How I Did It: Secrets Of a Successful Audition
When you're competing against a crowded audition room full of talented dancers, it can feel next to impossible to be the one chosen for the gig. What does it actually take to succeed? Three dancers who recently landed contracts share their keys to success.
Dancer: Roderick Phifer
Hometown: Charlotte, NC
Photo by Gabriel Bienczyzki, Courtesy BalletX.
What was your mindset going into this audition?
To be a conqueror. I'm usually such a nervous person, but I told myself that nothing was going to get in the way of my focus that day.
How did you prepare?
I got to the audition 45 minutes early and did a few yoga stretches. I listened to Rihanna—her story of being a small-town girl and building herself up from the bottom really inspires me. I ate a bagel, a banana and berries and made sure I had plenty of water and Gatorade to stay hydrated.
What do you think it was that made this audition successful?
I made a decision to look at the choreographers and the directors as they were watching me to let them know that I was present in the room. During certain parts of the audition, I felt more uncomfortable executing the steps, but I just had to push through. I think once you master being uncomfortable, you become more successful in auditions.
Dancer: Jenna Marie
Hometown: Philadelphia, PA
Company: Ballet Hispánico
Photo by Paula Lobo, Courtesy Ballet Hispánico.
Did you learn anything from the audition?
It is absolutely essential to show who you are in each step presented to you. Directors are not looking for perfection. They want to see how you perform and how you fit in with the company. Doing your research allows you to get a sense of what the director may be looking for. Coming prepared into the audition allowed me to have the confidence to enjoy the process.
What advice you would give to young auditioners?
Truly, one hundred percent believe in yourself. Having confidence even when you mess up allows the director to see how you work and how you recover.
Dancer: Yazmeen Laidler
Hometown: Miami, FL
Company: Ailey II
Ms. Laidler in Marcus Jarrell Willis "Stream of Consciousness."Photo by Kyle Froman, Courtesy Ailey II.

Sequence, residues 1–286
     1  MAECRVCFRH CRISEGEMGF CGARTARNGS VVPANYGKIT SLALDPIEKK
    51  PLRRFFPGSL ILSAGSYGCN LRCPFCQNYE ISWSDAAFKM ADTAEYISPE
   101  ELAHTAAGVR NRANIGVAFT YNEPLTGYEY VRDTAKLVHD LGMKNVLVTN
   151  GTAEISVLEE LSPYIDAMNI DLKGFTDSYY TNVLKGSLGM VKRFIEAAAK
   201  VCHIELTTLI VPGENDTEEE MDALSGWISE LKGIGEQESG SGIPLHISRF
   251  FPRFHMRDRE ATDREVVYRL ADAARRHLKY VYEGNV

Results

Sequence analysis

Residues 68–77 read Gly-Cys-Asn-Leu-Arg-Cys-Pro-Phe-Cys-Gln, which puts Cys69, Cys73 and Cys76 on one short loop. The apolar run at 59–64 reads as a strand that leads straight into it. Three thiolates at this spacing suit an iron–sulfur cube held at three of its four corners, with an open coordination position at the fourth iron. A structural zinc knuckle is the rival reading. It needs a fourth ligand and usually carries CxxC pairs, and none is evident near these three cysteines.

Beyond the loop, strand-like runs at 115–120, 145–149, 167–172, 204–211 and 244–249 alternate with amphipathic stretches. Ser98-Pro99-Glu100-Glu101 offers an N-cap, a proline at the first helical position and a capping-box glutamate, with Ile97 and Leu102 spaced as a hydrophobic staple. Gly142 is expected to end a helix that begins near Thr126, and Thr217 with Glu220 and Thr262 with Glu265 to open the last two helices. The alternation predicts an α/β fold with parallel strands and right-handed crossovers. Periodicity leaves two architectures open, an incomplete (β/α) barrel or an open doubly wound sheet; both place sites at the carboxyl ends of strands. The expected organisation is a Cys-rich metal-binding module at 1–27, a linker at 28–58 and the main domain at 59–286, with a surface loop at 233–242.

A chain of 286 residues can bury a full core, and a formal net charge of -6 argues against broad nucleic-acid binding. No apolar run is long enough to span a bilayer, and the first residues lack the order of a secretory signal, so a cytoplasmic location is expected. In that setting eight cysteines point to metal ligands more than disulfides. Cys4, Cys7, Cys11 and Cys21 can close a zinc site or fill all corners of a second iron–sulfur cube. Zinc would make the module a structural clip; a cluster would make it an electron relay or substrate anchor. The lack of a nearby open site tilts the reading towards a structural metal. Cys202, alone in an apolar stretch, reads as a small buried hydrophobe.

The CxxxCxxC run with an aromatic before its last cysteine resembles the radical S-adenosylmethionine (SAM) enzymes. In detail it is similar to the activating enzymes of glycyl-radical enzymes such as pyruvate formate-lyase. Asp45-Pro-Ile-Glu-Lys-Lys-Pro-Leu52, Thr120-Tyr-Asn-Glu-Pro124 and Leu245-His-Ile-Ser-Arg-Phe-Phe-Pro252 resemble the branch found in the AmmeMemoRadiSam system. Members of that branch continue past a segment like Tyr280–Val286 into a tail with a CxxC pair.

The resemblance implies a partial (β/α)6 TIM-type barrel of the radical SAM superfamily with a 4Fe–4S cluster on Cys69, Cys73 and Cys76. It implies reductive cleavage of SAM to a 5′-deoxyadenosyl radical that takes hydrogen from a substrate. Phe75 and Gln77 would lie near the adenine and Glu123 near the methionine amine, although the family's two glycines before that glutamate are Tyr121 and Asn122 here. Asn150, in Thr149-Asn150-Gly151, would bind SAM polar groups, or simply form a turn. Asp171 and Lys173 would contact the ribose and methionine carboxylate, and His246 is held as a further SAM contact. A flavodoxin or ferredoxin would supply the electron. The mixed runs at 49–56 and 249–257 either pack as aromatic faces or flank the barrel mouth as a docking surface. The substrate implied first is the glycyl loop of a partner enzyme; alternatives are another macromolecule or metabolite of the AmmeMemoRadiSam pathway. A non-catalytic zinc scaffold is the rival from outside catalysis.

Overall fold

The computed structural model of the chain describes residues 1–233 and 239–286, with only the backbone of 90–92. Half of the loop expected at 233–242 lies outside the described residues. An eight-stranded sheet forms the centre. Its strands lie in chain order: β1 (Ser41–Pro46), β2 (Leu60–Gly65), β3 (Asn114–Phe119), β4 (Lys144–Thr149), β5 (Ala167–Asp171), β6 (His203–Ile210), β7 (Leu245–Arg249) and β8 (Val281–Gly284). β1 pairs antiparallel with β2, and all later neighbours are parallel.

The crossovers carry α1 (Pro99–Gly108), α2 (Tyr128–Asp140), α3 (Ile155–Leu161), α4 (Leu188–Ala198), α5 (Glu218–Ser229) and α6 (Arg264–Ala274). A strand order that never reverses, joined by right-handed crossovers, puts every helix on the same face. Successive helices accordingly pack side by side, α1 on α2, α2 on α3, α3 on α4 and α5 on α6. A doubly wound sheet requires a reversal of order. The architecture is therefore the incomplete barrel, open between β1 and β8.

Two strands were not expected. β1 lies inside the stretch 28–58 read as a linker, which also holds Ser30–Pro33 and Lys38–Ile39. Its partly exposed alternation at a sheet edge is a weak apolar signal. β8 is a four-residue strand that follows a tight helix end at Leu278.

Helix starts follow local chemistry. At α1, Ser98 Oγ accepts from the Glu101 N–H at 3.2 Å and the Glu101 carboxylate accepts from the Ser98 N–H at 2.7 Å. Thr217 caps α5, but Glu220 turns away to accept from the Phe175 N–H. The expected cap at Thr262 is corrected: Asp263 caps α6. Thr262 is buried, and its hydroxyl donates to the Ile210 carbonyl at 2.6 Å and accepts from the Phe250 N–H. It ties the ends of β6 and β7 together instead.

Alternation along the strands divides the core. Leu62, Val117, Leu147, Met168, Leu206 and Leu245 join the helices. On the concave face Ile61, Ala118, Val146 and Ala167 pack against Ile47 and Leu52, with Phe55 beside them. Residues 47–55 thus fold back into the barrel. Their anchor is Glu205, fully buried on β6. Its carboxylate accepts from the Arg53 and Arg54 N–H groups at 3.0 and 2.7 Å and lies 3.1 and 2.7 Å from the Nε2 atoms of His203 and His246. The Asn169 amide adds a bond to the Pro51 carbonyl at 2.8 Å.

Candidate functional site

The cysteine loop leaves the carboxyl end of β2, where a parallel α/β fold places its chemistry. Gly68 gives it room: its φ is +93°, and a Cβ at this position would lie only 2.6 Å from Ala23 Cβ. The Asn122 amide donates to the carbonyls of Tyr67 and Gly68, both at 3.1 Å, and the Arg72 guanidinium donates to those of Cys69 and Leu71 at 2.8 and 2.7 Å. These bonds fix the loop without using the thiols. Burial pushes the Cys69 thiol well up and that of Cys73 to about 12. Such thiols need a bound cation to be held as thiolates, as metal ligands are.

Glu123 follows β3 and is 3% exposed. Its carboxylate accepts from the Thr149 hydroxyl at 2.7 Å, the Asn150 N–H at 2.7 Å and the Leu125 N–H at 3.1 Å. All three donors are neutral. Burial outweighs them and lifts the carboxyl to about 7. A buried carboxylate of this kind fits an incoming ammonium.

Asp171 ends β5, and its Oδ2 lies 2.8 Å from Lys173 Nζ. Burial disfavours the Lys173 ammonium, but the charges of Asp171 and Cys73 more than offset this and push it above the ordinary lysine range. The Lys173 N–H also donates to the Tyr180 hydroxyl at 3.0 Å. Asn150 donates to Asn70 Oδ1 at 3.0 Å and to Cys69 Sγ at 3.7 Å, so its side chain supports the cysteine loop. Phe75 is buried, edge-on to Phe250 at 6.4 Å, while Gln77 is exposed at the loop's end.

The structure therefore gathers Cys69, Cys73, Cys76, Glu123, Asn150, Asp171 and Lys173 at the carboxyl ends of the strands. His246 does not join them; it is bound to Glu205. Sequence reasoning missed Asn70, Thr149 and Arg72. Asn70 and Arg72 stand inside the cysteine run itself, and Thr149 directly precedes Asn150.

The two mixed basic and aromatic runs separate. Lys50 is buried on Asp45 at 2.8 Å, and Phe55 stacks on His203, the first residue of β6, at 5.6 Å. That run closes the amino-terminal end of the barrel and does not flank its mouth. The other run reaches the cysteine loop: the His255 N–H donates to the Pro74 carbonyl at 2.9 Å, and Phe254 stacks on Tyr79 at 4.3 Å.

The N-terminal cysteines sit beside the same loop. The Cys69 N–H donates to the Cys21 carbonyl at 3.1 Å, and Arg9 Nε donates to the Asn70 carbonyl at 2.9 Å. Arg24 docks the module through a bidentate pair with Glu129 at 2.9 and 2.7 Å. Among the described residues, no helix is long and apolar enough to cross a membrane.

What was your mindset going into this audition?
I was thinking, "I have to prove to this panel that I am the best candidate for the job." My nerves had gotten the best of me in previous auditions, preventing me from truly showing my personality. Not everyone gets invited to the Ailey II audition, so I had to trust that I would do just fine if I presented myself as the best artist I could be.
Do you have a pre-audition routine?
I always call my mom. After talking to her I feel more calm and at ease.
What is something you learned from this audition?
The judges behind the table want to see someone who can enjoy the simple movements—like gestural phrases—in addition to powerhouse choreography. Even if the phrase isn't what you're used to, or you mess up, you can still catch someone's eye because of your joy and confidence.
When the news broke that Prince George, currently third in line for the British throne, would be continuing ballet classes as part of his school curriculum this year, we were as excited as anyone. (Okay, maybe more excited.)
This was not, it seems, a sentiment shared by "Good Morning America" host Lara Spencer.
If you think becoming a trainee or apprentice is the only path to gaining experience in a dance company environment, think again.
The University of Arizona, located in the heart of Tucson, acclimates dancers to the pace and rigor of company life while offering all the academic opportunities of a globally-ranked university. If you're looking to get a head-start on your professional dance career—or to just have a college experience that balances company-level training and repertory with rigorous academics—the University of Arizona's undergraduate and graduate programs have myriad opportunites to offer:
Yes, we realize it's only August. But we can't help but to already be musing about all the incredible dance happenings of 2019.
We're getting ready for our annual Readers' Choice feature, and we want to hear from you about the shows you can't stop thinking about, the dance videos that blew your mind and the artists you discovered this year who everyone should know about.
If you're seeking an extra dash of inspiration to start the new season on the right—dare we say—foot, look no further than dance documentaries.
Starting August 23, OVID, a streaming service dedicated to docs and art-house films, is adding eight notable dance documentaries to its library. The best part? There's a free seven-day trail. (After that, subscriptions are $6.99 per month or $69.99 annually.)
From the glamour of Russian ballet stars to young dancers training in Cuba to a portrait of powerhouse couple Carmen de Lavallade and Geoffrey Holder, here's what's coming to a couch near you: